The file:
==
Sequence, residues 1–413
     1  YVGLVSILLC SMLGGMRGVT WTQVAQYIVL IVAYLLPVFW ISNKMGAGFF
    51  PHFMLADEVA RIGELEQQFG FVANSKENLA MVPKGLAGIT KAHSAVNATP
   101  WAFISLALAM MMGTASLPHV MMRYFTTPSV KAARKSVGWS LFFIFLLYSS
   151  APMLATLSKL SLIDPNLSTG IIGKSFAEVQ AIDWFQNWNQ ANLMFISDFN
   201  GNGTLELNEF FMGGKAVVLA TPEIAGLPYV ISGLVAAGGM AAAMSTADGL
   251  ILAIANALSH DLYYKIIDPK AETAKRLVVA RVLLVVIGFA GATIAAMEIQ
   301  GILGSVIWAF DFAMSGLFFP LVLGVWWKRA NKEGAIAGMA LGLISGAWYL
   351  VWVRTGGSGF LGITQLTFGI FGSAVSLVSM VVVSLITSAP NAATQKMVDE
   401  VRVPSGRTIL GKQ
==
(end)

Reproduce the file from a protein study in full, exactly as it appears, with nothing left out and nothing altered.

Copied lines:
Sequence, residues 1–413
     1  YVGLVSILLC SMLGGMRGVT WTQVAQYIVL IVAYLLPVFW ISNKMGAGFF
    51  PHFMLADEVA RIGELEQQFG FVANSKENLA MVPKGLAGIT KAHSAVNATP
   101  WAFISLALAM MMGTASLPHV MMRYFTTPSV KAARKSVGWS LFFIFLLYSS
   151  APMLATLSKL SLIDPNLSTG IIGKSFAEVQ AIDWFQNWNQ ANLMFISDFN
   201  GNGTLELNEF FMGGKAVVLA TPEIAGLPYV ISGLVAAGGM AAAMSTADGL
   251  ILAIANALSH DLYYKIIDPK AETAKRLVVA RVLLVVIGFA GATIAAMEIQ
   301  GILGSVIWAF DFAMSGLFFP LVLGVWWKRA NKEGAIAGMA LGLISGAWYL
   351  VWVRTGGSGF LGITQLTFGI FGSAVSLVSM VVVSLITSAP NAATQKMVDE
   401  VRVPSGRTIL GKQ